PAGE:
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I asked this question on the astronomy stack exchange: https://astronomy.stackexchange.com/q/30477 and it was recommended to me that I instead ask it here.

My question is related to the following question: Conversion of matter into antimatter

In the top answer the following is stated: "Because there are no long-range forces that couple to baryon number or lepton number, a black hole is under no obligation to conserve them, and thus should radiate equal amounts of matter and antimatter, regardless of what fell into it."

Is it therefor possible to set up a "matter-antimatter converter"? That is, a way of turning matter into antimatter or vice versa? In particular consider the following process:

Acquire some matter and force it together so as to form a black hole then wait for it to decay and then acquire the energy and matter-antimatter pairs that leave it. Turn any energy into matter-antimatter pairs. After doing so there should be an equal amount of matter and anti matter. Now repeat this process recursively with the remaining matter, that is, turning the matter into a black hole and letting it decay into matter-antimatter pairs. In the limit all the matter should turn to antimatter.

Is there a reason this process can't be performed? I am ignoring things such as the amount of time needed to do this and other similar constraints.

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  • $\begingroup$ Ben has answered your question, and you said you want to ignore practical constraints. But (presuming Hawking radiation exists), this sounds like a really impractical way to make antimatter. You need really tiny BHs for the HR to emit anything apart from photons. If you've got tools that can achieve that insane energy density, you probably have much easier ways to churn out antimatter. $\endgroup$ – PM 2Ring Apr 16 at 8:02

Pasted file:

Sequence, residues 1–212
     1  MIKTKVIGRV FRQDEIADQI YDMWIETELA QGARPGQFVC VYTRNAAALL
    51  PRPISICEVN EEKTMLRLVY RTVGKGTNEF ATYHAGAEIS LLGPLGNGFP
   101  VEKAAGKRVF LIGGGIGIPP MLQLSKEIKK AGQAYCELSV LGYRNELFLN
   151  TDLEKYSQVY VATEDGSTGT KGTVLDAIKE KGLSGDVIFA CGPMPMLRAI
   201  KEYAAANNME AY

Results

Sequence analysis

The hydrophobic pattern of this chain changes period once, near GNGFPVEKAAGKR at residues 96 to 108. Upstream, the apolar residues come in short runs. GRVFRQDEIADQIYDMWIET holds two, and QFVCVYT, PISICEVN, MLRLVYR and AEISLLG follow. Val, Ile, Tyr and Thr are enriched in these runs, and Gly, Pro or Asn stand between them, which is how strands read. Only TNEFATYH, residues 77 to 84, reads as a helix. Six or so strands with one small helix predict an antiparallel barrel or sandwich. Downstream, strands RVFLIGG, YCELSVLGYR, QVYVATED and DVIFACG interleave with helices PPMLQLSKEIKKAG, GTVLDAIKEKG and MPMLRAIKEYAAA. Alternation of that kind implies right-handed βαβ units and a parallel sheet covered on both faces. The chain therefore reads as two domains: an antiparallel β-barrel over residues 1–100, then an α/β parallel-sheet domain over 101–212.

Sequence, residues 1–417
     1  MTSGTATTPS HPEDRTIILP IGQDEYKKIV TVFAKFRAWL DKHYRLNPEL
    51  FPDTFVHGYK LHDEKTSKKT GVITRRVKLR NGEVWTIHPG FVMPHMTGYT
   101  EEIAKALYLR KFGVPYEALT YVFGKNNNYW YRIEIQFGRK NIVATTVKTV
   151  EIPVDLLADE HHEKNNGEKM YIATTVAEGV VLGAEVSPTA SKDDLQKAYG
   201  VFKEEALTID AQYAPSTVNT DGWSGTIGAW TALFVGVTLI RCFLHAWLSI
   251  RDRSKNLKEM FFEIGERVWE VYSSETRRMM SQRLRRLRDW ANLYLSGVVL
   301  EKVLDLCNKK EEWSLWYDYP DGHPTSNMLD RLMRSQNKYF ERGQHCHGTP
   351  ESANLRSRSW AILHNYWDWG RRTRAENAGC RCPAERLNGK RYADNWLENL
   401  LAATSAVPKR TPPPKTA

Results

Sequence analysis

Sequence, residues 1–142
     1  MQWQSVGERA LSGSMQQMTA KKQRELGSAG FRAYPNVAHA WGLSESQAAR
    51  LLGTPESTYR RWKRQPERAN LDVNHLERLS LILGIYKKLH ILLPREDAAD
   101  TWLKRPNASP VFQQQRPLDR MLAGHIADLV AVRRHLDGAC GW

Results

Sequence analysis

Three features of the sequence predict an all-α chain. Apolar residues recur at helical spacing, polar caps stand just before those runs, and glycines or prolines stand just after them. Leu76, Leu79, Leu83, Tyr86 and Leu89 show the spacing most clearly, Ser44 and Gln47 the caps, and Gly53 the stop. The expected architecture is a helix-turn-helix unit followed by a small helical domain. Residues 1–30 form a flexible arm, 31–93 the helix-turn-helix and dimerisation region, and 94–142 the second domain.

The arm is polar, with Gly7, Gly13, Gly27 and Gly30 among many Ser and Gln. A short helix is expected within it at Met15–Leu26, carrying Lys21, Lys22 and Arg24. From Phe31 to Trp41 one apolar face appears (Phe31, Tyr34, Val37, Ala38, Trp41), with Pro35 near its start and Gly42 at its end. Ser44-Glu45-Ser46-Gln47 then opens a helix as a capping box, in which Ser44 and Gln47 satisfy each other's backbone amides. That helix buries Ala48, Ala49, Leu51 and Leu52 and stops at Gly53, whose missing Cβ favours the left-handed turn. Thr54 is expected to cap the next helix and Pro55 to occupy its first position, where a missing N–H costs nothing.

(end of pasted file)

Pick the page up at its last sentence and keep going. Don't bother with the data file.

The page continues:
• $\begingroup$ A better logic would be as follows. Since matter cannot be converted to anti-matter, there is no Hawking radiation. $\endgroup$ – safesphere Apr 17 at 4:33
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The answer is yes. There is, however, an error in the quoted material:

Because there are no long-range forces that couple to baryon number or lepton number, a black hole is under no obligation to conserve them, and thus should radiate equal amounts of matter and antimatter, regardless of what fell into it.

This is a non sequitur. The reason that we expect black hole evaporation not to conserve baryon or lepton number is that no-hair theorems tell us that a black hole doesn't "remember" quantum numbers such as baryon or lepton number.

And keep in mind that we don't really know whether black holes evaporate. Semiclassical gravity has never made a correct, testable prediction, it has foundational problems, and there is no reason to trust it.

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